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Do you like scary comics? You're gonna love The Dollhouse Family

By Mike Avila

The future is a scary place for the comics business, and it's a good thing.

The announcement of DC Comics' big bet on horror comics, a new imprint curated by Locke & Key writer Joe Hill called Hill House Comics, is a clear sign of the industry's growing enthusiasm for spine-tingling tales. The Hill House pop-up imprint launches this fall with five limited series. One of these is The Dollhouse Family, a six-issue series from the longtime creative team behind the Lucifer comic, writer Mike Carey and artist Peter Gross.

The premise is irresistibly creepy: A 19th-century dollhouse/family heirloom serves as an escape for a little girl named Alice, literally. She can go inside, and reality and the imaginary start to blend together. As she grows older, Alice realizes her dollhouse has taken control of her life. SYFY WIRE managed to talk exclusively with the duo about their unsettling new story, which came about after a chance encounter.


Hill (whose interest in horror must be hereditary, since he's the son of Stephen King) first approached Carey in 2018 at a book signing in London for the horror anthology Phantoms, to which the two writers contributed. "Afterwards we went for a few drinks at the pub around the corner, and Joe was telling me what his plans were [for Hill House], what his ambitions were for it," Carey recalled. "And he asked me if I would be interested in being part of it. I said yes, almost immediately."

"We didn't know if it would happen or not, so we pitched another little thing to Vertigo that was just a bit of fun we wanted to do," Gross said. "But lo and behold, The Dollhouse Family got approved and Mike came back to me on it."

The comparisons between the Hill House imprint and DC's recently shelved Vertigo Comics label are inevitable and impossible to ignore. Vertigo's executive editor Mark Doyle is overseeing the line of horror titles, which will be released under DC's mature-audience Black Label line. The high-concept subject matter of The Dollhouse Family and the other initial Hill House books would fit quite comfortably alongside many titles in the Vertigo library in the horror vein, such as Swamp Thing, American Vampire, and Hellblazer (another title Carey wrote).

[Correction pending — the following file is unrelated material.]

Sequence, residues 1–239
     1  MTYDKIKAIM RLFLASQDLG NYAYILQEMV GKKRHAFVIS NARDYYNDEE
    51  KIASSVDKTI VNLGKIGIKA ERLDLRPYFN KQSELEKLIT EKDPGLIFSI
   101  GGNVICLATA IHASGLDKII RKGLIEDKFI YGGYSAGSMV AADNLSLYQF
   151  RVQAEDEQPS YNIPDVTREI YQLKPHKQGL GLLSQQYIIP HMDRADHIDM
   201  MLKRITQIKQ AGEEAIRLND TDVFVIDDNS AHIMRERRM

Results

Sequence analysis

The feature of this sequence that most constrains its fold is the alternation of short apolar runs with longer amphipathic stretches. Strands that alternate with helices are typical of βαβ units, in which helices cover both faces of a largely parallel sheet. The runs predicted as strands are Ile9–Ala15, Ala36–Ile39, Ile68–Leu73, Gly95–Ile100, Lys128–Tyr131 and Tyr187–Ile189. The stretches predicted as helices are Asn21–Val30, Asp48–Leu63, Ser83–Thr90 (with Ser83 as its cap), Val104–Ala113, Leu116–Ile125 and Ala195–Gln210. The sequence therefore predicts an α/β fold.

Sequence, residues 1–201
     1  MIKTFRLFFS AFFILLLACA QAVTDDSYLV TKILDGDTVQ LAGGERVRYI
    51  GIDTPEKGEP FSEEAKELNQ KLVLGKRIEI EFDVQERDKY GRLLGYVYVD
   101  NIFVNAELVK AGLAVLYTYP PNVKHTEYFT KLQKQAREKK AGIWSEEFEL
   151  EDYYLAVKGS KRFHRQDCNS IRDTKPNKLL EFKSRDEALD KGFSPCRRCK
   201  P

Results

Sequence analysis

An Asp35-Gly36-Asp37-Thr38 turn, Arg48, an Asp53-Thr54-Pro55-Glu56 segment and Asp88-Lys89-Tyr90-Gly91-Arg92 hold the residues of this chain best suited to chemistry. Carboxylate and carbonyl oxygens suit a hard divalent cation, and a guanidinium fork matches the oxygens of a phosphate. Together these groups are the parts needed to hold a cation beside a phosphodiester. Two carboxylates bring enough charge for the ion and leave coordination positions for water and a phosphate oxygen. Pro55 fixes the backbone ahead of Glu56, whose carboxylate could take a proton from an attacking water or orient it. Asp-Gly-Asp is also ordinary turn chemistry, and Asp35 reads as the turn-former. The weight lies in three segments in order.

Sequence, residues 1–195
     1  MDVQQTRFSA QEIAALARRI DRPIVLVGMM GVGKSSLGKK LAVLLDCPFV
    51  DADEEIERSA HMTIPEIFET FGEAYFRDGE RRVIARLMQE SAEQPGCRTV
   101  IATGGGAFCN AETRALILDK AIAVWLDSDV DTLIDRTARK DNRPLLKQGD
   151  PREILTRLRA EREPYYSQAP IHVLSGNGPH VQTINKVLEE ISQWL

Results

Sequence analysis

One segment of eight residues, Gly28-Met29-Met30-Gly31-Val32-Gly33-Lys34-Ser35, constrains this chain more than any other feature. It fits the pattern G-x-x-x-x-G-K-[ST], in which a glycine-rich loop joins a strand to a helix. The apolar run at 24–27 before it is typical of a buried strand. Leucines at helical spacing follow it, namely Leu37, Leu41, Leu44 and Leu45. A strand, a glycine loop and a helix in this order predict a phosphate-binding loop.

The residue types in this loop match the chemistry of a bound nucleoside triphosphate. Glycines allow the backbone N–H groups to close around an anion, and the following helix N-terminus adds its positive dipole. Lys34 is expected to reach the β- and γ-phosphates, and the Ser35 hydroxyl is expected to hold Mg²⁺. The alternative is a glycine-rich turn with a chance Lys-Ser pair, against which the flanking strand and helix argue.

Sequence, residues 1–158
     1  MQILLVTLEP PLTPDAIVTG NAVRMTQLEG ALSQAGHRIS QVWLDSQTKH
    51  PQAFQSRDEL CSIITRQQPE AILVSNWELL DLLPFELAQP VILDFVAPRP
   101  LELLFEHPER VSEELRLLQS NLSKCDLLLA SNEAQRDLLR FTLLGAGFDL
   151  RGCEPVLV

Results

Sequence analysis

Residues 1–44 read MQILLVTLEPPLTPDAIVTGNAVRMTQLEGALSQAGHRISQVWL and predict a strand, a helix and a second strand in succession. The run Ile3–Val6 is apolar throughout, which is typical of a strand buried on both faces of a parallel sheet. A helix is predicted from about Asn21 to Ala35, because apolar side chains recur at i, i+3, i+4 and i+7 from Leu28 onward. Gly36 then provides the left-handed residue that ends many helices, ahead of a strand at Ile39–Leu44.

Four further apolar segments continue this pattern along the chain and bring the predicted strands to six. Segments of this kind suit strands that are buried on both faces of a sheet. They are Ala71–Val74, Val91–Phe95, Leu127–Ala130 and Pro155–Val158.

"I was there in the early days of Vertigo, and it was so much fun being around the energy of something that takes off like that," Gross said. "I can tell the editors are similarly excited about Hill House and working with Joe, and I think it's a no-brainer to jump in on the ground floor of that."

"I think horror is having a moment in the same way as superheroes are having a sort of big mainstream media moment," added Carey. "I think horror is being amazingly reinvented at the moment. We're living through a golden age of horror across a lot of different media. So yeah, that was definitely part of the appeal, as was working with Joe."

Lucifer Book One tab

An added bonus was getting to re-team with Gross. The duo partnered for the great majority of Carey's acclaimed 75-issue run on Lucifer, as well as The Unwritten. They most recently tag-teamed on IDW's fantasy series The Highest House. That longtime relationship provides certain advantages in the storytelling process that can only happen when two creators know and trust each other.

"You approach the scripting process in very different ways, I think. Peter and I did [close to] 75 issues of Lucifer together, a similar number of The Unwritten," Carey said. "We've done tons of other stuff along the way and we've fallen into habits, into a really good working relationship, which I think is is freer and easier."

It's more flexible than the relationship I have with most other artists," Carey added. "Peter has such a fantastic visual imagination. Obviously he's been a writer as well as an artist. He can see possibilities in scenes. He brings a lot to the table."

As for the story they're telling, it's going to cover several decades as it follows Alice from childhood to when she becomes a mother of her own.

"We're going to see all the stages of her childhood in the first couple of issues, and there's a jump forward in time when we meet her at the latest stage of her life," Carey said. "We see the consequences of the events of her childhood play out for the adult Alice … and so we see her grow and change, and there are lots of reveals about her past, her family's past and the role that the dollhouse has played in the history of her family."

Gross is tackling this project with a finisher to assist in the artwork, meaning he's doing loose pencils that the inker will then complete. Using this approach allows him to focus more on the pacing and storytelling, which he considers essential to crafting an effective horror tale. "One of the things I love most about comics is that so much of it takes place in the mind of the reader, in the space between the panels," Gross said. "And I think that is even more so with fear and horror, which is such a psychological experience in the first place. I like the idea of trying to elicit that response out of the readers. Hopefully I'll succeed!"


Like the other titles that introduce the Hill House Comics imprint, The Dollhouse Family is a stand-alone limited series. Carey did hint at the possibility of a Hill House Universe, in which other titles like Basketful of Heads are linked to the events in Dollhouse. "[Our title] was conceived as completely standalone, and you can read it without reference to any of the others," Carey said, before wryly adding, "There may be, however, some easter eggs. I don't want to say too much about that, but …."